Apr 14, 2013

Photography Basics: Taking better pictures

From a magazine editor's point of view!!!... 

Honestly, what invites you to pick up a magazine most of the time if not the images and photography!

Magazines are always seeking fresh content and contributors for their publications. Contributors benefit from the media exposure such as publications offer. First time I contributed to a publication about eight years ago, I was required to take my own pictures. It really isn't something to be scared of. Its just a matter of having a little fun with it. So as a publisher myself I thought to offer a few tips to help you take better pictures.

First off I start by mentioning, editing your own photos. When you add frames or ANYTHING to a picture/photo, you are reducing resolution which makes for a fuzzy photo, especially if you do not have the right computer program to do so (such as photoshop). Most of us do this for blogging. Watermarks are important when publishing a photo online to protect your work. (Tutorial for watermarks found here) But not recommended if you wish to print in a magazine. So when you take photos of your work/vignettes, do make sure you hold on to the original picture. You never know when you're going to need it.
And more then likely, if you think your picture is slightly dark or needs some color enhancement, I am pretty sure, the magazine designer is equipped with some sort of professional photo editing program that can do the job.
The best time to take pictures outdoors, is close to sundown, also known as the "golden Hour" for professional photographers. Why? because if you are shooting in the middle of a bright sunny day, the sun light is over powering, turning everything into almost white and so shiny taking away your beautiful, real life colors and of course, night time is not ideal either when you have to use a flash which often reflects a glare of your subject.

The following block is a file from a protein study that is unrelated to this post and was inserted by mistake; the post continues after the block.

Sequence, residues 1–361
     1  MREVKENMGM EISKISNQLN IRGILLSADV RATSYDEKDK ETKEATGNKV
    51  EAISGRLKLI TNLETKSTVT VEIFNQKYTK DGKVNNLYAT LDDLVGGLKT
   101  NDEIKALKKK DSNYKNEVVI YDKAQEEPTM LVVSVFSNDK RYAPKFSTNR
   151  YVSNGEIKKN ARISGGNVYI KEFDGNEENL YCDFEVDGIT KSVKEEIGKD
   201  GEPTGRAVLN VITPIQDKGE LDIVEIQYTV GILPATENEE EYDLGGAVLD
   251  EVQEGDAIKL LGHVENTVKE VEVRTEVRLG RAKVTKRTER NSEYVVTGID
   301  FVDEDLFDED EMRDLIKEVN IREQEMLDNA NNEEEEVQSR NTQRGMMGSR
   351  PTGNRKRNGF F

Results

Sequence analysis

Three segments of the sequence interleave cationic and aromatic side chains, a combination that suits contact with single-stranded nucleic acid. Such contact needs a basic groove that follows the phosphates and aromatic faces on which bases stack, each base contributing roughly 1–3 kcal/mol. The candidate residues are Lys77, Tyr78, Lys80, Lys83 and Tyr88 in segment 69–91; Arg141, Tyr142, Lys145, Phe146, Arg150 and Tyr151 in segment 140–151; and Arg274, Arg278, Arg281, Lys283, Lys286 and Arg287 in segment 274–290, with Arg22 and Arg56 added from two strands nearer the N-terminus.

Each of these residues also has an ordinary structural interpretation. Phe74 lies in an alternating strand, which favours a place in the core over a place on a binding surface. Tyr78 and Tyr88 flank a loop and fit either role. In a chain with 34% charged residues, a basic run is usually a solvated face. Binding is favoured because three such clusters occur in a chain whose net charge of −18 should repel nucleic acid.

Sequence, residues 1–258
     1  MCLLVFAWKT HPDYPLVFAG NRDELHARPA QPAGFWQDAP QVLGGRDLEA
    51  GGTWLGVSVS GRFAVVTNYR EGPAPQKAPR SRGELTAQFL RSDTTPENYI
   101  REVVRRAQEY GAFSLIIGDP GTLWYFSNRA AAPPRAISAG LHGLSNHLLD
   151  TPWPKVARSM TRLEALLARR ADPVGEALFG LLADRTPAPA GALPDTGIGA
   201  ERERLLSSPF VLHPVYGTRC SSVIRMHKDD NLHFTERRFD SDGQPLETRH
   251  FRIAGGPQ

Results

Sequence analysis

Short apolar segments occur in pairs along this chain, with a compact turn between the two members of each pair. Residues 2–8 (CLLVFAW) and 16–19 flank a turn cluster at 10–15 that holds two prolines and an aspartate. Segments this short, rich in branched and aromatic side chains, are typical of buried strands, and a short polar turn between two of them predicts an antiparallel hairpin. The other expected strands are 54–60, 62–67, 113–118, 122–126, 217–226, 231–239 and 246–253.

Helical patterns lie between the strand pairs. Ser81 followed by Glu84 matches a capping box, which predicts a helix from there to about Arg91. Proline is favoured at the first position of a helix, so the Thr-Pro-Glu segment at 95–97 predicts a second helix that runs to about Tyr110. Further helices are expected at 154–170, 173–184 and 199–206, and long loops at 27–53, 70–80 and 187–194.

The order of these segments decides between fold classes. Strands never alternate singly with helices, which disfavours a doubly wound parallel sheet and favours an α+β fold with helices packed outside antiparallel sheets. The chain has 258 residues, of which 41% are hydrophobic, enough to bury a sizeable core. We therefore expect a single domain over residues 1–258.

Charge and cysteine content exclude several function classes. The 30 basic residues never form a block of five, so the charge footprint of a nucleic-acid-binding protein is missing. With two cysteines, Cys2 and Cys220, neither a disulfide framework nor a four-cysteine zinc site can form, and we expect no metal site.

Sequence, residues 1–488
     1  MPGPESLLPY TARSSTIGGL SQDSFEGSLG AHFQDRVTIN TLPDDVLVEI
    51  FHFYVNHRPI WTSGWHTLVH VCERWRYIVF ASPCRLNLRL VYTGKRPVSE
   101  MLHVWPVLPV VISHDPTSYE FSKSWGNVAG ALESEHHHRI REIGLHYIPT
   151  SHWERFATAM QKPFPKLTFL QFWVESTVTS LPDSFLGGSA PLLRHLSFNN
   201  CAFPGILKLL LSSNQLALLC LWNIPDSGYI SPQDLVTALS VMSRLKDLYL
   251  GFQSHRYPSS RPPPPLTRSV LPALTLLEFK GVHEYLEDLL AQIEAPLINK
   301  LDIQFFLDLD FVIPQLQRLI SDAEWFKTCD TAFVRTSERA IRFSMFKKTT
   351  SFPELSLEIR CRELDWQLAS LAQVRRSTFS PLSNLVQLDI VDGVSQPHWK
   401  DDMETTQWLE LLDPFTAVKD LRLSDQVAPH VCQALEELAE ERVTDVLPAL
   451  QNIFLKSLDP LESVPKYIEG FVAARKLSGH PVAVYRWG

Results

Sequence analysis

Around sunset, you have natural light, not overpowering and no need for a flash. And kind of romantic feel, don't you think??!

Taking pictures indoors however, you need to make sure you are in a well lit spot, away from direct sunlight (remember sunlight is good but not direct on subject to avoid, shiny glare) If you are photographing a vignette, shot during the day, avoid using flash or lighting (indoor lighting makes photo yellowish). Always better to use natural light. So hold off shooting till room has most natural light coming in.

Following is a link to an HP site. It has a fun Demo about how to take better pictures.

Composition Matters
Rule of Thirds

The rule of thirds is a compositional rule of thumb in visual arts such as painting,photography and design.[1] The rule states that an image should be imagined as divided into nine equal parts by two equally-spaced horizontal lines and two equally-spaced vertical lines, and that important compositional elements should be placed along these lines or their intersections.[2] Proponents of the technique claim that aligning a subject with these points creates more tension, energy and interest in the composition than simply centering the subject would.

image via: http://www.1stwebdesigner.com/design/eight-photography-effects/

Via Wikipedia:  Read more here, http://en.wikipedia.org/wiki/Rule_of_thirds

Image via: http://www.photocritique.us/2006/12/07/composition-matters-utilizing-the-rule-of-thirds/

image via: http://www.digitalweddingforum.com/blog/a-new-twist-on-rule-of-thirds

More image examples HERE.

I hope you find this bit of information helpful. Have a wonderful day!

Con amore,


Anonymous said...

Thank you sooo much! This made so much sense and will be so helpful!

Sandi~A Cottage Muse said...

Thank you...I always love to learn new things (especially about photography)!!

I invite you to visit my blog to see the posts I did on our At Home With White Event, maybe something you'd be interested in for your magazine?